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Old 08-05-2008, 08:16   #61
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Rremember, all of this is based on an assumption that the propulsive force of the sails is not affected by taking on more mass.
Dave
Dave, the power of a sail plan has nothing to do with the weight of a boat. The pull of a sail is the same regardless of teathering to you flag pole in the front yard or to your boat.
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Old 08-05-2008, 08:27   #62
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Dave, the power of a sail plan has nothing to do with the weight of a boat.
Of course it doesn't. Do you think I don't know my physics?

My point was that taking on more mass - as in the examples of taking on ballast to intentionally heel a boat over in light air or to prevent excessive heeling in heavy air - can alter the "sail plan" because the rig is heeled or less heeled vs not changing the mass.

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Old 08-05-2008, 08:44   #63
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Rremember, all of this is based on an assumption that the propulsive force of the sails is not affected by taking on more mass.
Dave

Dave, those are your words. You say the propulsive force of the sail is changed by weight. How?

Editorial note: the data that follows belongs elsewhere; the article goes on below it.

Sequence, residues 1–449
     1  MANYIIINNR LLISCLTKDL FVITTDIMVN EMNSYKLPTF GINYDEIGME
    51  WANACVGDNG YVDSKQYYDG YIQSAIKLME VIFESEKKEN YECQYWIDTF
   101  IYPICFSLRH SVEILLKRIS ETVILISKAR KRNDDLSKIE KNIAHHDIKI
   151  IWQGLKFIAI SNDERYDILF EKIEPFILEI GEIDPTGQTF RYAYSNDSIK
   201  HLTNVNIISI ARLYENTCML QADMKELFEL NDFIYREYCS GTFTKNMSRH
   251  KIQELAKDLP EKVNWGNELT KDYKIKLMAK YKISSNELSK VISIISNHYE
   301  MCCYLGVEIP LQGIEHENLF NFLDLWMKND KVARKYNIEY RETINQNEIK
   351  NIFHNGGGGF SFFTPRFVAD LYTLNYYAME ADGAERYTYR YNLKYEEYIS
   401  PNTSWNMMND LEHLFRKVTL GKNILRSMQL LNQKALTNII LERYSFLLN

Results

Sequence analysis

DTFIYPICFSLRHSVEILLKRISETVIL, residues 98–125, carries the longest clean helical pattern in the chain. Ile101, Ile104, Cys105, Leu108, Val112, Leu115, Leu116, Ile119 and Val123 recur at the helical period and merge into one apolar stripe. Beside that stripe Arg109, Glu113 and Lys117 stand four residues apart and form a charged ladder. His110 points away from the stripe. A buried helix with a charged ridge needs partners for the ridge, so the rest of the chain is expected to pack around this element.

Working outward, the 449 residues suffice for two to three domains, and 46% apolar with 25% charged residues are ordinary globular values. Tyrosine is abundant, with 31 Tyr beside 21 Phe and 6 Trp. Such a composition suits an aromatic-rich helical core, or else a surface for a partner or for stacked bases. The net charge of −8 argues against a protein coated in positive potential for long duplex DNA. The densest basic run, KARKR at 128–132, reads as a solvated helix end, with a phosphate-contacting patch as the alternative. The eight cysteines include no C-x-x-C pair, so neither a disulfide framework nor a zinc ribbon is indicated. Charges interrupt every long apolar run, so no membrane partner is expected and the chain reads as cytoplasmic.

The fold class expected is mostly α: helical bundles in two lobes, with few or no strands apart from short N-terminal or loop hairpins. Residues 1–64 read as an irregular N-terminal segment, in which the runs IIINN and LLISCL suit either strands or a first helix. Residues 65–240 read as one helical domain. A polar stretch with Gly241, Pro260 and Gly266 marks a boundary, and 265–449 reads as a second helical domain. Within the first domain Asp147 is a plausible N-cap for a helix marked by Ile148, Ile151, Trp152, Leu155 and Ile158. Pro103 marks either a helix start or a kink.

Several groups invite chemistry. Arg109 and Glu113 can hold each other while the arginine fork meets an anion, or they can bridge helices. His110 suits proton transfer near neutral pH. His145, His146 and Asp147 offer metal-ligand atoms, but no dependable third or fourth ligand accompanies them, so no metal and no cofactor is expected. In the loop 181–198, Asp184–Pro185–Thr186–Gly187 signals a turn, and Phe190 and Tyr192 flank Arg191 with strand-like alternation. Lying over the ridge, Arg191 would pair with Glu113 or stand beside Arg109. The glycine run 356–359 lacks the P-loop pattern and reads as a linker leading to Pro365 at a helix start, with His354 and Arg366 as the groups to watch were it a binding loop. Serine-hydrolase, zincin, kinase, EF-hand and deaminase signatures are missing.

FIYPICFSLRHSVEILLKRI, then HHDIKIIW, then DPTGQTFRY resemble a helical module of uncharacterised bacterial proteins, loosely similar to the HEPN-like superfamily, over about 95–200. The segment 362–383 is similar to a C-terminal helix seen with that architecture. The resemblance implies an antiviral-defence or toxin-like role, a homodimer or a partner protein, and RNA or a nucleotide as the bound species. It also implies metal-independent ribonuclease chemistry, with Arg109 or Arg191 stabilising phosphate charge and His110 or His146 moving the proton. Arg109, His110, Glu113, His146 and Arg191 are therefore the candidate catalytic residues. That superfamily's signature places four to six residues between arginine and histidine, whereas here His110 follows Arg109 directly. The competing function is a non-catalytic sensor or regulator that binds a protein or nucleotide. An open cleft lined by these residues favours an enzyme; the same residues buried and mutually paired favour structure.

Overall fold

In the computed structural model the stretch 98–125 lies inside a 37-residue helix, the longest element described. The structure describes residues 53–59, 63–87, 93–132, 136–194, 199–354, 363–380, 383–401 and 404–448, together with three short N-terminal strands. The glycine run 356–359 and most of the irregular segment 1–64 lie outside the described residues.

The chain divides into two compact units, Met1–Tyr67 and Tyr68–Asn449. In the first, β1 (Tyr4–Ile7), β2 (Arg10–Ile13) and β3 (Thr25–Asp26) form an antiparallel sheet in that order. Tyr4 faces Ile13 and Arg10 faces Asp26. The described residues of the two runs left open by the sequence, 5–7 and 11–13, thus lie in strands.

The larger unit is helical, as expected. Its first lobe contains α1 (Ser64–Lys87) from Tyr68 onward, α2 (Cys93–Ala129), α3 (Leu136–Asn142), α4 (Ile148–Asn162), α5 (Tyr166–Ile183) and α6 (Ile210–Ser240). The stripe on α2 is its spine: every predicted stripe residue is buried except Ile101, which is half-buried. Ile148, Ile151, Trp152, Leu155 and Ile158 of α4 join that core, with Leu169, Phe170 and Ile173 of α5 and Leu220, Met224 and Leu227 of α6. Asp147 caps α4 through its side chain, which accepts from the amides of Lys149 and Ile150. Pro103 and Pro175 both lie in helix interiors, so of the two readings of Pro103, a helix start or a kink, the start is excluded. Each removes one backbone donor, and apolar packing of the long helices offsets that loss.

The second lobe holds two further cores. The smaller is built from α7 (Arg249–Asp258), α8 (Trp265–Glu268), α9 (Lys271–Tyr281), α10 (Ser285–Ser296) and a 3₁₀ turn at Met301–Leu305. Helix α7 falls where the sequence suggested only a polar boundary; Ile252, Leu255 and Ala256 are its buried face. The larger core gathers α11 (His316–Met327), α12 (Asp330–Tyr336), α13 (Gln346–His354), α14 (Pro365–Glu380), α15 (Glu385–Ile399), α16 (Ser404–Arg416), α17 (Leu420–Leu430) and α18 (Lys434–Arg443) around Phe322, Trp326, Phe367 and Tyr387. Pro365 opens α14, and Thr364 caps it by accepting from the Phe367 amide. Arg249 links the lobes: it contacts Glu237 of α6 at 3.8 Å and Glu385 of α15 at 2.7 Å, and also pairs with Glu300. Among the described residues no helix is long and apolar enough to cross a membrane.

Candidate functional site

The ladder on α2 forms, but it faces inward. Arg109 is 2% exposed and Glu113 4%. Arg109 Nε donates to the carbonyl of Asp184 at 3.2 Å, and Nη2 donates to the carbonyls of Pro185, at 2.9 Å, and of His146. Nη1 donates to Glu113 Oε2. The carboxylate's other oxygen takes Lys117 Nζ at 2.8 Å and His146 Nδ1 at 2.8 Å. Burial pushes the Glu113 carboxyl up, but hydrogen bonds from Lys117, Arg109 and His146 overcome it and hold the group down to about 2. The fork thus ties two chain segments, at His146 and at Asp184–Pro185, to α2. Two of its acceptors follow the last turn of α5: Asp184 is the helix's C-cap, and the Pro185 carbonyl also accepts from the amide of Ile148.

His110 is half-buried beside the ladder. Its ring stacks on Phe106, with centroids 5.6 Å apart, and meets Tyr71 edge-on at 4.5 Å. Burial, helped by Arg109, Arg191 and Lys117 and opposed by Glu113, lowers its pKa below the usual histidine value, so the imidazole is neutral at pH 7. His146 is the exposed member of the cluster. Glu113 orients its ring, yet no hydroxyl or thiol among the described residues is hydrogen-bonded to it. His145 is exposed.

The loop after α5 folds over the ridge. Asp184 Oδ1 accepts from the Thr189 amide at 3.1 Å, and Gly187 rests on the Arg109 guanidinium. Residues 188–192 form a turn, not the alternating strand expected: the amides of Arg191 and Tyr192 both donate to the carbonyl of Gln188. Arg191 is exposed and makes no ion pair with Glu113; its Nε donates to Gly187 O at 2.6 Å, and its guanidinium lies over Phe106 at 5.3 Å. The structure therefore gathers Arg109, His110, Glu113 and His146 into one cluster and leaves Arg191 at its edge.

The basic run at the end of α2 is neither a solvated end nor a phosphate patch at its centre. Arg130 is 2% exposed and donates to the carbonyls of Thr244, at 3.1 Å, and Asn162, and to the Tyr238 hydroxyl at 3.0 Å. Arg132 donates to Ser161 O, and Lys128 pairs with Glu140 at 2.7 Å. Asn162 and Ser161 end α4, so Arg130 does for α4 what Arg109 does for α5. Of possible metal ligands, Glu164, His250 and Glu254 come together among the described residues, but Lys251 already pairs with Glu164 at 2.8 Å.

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Old 08-05-2008, 08:47   #64
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This is what makes racing sailboats interesting. Is it better to give up speed for point? Is it better to close the leech and gain upwash? Is it better to add stability to keep flow but increase drag? And on and on and on........ Chess has nothing on racing sailboats.
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Old 08-05-2008, 08:47   #65
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My point was that taking on more mass - as in the examples of taking on ballast to intentionally heel a boat over in light air or to prevent excessive heeling in heavy air - can alter the "sail plan" because the rig is heeled or less heeled vs not changing the mass.

Dave
I think that's the point Joli was making. More mass can alter the sails to maintain a better shape in light winds.
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Old 08-05-2008, 08:50   #66
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BUT!!!

Theory aside, my heavy, full-keeled boat doesn't sail well in <5-6 kts no matter what I do. One of the reasons I bought an asymmetric spinnaker!
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Old 08-05-2008, 08:52   #67
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Dave, those are your words. You say the propulsive force of the sail is changed by weight. How?
As I said, taking on mass could affect the heel of the boat. Changes in heel can affect sail power, right?

Did you not read my post just above?

Wasn't it you who earlier provided an example of intentionally heeling a boat over in light air to keep the sail shape, thus affecting the propulsive force of the sails?

Why are you trying to argue? Because your meter boat example has been shown to violate the laws of nature?

Dave
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Old 08-05-2008, 09:31   #68
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Dave, I'll give it one last shot here. A couple reasons multis get sticky in very light conditions is because they have a quick motion and little weight to carry through the chop and lulls. It is tough to keep flow attached when the boat naturally has a quick motion, it is tough to keep boat speed with little momentum.